You know I love Deep Space Nine. Not everyone has the time to invest in a new show, and DS9 has a rough introduction. To help some people get into it, I've compiled a list of five episodes from each season of Deep Space Nine that focus on essential stories and character moments of the series. I've also added a few supplemental episodes that are very good, but don't quite make the cut.
The Emissary (1x01): This is the pilot and introduces the larger conflicts and characters of the series.
A Man Alone (1x04): This episode explores Odo and his place in society. In addition, it marks the beginning of Keiko's school and the friendship of Jake and Nog, one of the series' most important friendships. 1x03, Past Prologue, is really great too, but there are better Kira episodes.
Supplemental: Dax (1x08): It's an episode all about Dax that talks about how Trills handle past lives and her relationship with Sisko. Ultimately, the basics were covered in The Emissary and it's explored better in later episodes.
Supplemental: Vortex (1x12): Another Odo episode, it explores his desire to return home and his compassion.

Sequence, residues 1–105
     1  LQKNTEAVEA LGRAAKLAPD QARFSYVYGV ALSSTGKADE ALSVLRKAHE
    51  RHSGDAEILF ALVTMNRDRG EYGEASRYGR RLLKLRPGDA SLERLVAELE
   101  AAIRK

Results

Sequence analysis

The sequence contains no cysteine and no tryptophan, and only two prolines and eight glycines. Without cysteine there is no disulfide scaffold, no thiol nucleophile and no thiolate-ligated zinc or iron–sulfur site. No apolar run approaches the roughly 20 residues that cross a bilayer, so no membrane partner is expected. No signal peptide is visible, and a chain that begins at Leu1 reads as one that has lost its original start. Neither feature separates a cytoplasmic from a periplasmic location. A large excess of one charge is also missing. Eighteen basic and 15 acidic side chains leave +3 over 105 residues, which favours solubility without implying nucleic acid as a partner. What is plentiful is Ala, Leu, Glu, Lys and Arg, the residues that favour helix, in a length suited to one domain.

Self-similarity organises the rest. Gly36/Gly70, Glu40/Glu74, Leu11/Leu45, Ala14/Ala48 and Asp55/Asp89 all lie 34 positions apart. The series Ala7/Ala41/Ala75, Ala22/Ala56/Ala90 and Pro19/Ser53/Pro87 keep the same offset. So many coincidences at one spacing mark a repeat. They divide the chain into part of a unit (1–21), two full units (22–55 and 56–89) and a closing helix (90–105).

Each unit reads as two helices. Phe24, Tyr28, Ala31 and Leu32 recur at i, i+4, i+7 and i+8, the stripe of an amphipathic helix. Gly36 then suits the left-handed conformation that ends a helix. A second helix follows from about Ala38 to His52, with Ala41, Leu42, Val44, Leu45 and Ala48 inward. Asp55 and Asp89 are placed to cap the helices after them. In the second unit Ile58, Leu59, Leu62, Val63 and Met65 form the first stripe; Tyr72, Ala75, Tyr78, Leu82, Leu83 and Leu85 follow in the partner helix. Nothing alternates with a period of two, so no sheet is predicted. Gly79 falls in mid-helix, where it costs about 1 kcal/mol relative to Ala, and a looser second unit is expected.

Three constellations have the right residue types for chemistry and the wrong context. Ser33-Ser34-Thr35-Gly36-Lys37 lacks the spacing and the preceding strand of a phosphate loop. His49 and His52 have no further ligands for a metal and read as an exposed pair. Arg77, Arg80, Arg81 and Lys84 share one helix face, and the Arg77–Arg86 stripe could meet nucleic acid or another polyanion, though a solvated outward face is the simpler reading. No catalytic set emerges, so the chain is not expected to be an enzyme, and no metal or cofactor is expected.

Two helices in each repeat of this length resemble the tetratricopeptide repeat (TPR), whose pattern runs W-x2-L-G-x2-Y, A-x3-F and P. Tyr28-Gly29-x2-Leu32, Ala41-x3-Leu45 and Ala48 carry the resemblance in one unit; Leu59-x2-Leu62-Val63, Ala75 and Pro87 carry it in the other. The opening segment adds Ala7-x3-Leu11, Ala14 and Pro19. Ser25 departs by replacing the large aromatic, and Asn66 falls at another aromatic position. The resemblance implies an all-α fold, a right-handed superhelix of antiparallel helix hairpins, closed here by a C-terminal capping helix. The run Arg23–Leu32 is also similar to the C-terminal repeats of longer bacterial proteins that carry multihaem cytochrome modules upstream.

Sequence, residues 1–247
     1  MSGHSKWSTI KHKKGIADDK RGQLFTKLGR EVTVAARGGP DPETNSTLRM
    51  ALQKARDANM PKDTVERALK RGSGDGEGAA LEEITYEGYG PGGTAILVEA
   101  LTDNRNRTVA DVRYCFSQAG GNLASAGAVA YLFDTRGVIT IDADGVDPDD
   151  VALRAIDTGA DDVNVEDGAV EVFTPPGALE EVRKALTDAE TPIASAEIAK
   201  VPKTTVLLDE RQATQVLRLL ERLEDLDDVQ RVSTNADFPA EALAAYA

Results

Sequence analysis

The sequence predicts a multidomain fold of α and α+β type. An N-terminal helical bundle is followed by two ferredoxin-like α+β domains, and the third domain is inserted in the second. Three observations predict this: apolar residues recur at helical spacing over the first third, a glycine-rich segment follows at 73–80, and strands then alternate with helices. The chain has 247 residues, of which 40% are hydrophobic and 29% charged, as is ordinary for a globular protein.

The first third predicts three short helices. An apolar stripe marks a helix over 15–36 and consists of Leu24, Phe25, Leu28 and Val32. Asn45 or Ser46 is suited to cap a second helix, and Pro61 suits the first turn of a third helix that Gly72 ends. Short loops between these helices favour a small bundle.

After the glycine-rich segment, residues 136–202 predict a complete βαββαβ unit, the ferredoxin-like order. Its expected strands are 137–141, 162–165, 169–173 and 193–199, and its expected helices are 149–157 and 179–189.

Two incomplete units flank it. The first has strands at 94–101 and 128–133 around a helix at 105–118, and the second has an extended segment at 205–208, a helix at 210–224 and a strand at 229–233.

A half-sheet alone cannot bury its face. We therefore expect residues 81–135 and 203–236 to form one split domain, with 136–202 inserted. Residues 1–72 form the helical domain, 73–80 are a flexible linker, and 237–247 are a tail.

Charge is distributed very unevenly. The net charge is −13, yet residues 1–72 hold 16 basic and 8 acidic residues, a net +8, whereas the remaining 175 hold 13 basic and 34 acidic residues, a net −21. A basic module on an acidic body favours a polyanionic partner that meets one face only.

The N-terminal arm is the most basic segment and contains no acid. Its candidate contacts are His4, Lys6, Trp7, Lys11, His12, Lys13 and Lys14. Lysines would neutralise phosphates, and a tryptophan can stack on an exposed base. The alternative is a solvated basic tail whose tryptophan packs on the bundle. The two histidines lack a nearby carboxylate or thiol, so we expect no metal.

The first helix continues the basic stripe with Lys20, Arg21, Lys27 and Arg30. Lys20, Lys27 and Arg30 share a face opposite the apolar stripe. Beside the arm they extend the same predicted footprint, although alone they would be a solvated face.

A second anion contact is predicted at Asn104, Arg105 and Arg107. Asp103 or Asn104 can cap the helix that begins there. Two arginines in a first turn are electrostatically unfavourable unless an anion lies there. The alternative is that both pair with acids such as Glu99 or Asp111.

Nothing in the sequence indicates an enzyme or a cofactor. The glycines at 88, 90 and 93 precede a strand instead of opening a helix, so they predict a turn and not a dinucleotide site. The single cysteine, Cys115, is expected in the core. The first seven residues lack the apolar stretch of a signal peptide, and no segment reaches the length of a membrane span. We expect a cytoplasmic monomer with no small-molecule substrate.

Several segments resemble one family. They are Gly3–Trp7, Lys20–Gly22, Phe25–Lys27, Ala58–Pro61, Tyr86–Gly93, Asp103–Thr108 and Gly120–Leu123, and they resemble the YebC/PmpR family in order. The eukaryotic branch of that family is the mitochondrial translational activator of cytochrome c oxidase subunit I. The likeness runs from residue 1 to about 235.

Battle Lines (1x13): This is Classic Star Trek and if it's cringeworthy, it shows where DS9 can't be business as usual for Star Trek. Luckily, it's also plot-relevant.
Supplemental: Progress (1x15): JFC, this is one of my favorite episodes of Deep Space Nine. It's not relevant to the metaplot. Kira gets better episodes later. But wow, it's a good one.
Duet (1x19): Duet is one of those Kira episodes that's better than Progress. It breaks up the hegemonic view of Cardassians up to this point.
Hands of The Prophets (1x20): The season closer is an obvious parallel to real-life debates of creationism and evolution, but it also introduces Vedeks Winn and Bareil and the darker sides of Bajoran faith. The Star Trek wiki, Memory Alpha, gets to use the sentence, ”Impassioned speeches ensue" to describe some of this episode. It's not very good, but it's important and there are a few bright points. Possibly the nadir of the series, in that it only gets better from here.